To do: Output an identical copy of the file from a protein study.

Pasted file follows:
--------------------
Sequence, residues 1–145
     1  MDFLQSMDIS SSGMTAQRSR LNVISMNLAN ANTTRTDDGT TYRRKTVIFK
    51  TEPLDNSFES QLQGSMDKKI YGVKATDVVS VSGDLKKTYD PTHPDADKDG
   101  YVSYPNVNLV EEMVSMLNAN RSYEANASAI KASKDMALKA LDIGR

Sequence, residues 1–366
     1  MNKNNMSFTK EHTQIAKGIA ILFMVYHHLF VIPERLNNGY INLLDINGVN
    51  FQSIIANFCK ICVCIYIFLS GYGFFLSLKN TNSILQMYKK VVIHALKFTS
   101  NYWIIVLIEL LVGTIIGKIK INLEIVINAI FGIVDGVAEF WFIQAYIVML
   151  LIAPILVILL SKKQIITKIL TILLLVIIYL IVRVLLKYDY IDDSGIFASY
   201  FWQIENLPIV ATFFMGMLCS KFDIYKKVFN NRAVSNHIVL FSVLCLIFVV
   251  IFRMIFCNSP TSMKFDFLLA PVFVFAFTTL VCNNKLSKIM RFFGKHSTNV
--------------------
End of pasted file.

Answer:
Sequence, residues 1–145
     1  MDFLQSMDIS SSGMTAQRSR LNVISMNLAN ANTTRTDDGT TYRRKTVIFK
    51  TEPLDNSFES QLQGSMDKKI YGVKATDVVS VSGDLKKTYD PTHPDADKDG
   101  YVSYPNVNLV EEMVSMLNAN RSYEANASAI KASKDMALKA LDIGR

Sequence, residues 1–366
     1  MNKNNMSFTK EHTQIAKGIA ILFMVYHHLF VIPERLNNGY INLLDINGVN
    51  FQSIIANFCK ICVCIYIFLS GYGFFLSLKN TNSILQMYKK VVIHALKFTS
   101  NYWIIVLIEL LVGTIIGKIK INLEIVINAI FGIVDGVAEF WFIQAYIVML
   151  LIAPILVILL SKKQIITKIL TILLLVIIYL IVRVLLKYDY IDDSGIFASY
   201  FWQIENLPIV ATFFMGMLCS KFDIYKKVFN NRAVSNHIVL FSVLCLIFVV
   251  IFRMIFCNSP TSMKFDFLLA PVFVFAFTTL VCNNKLSKIM RFFGKHSTNV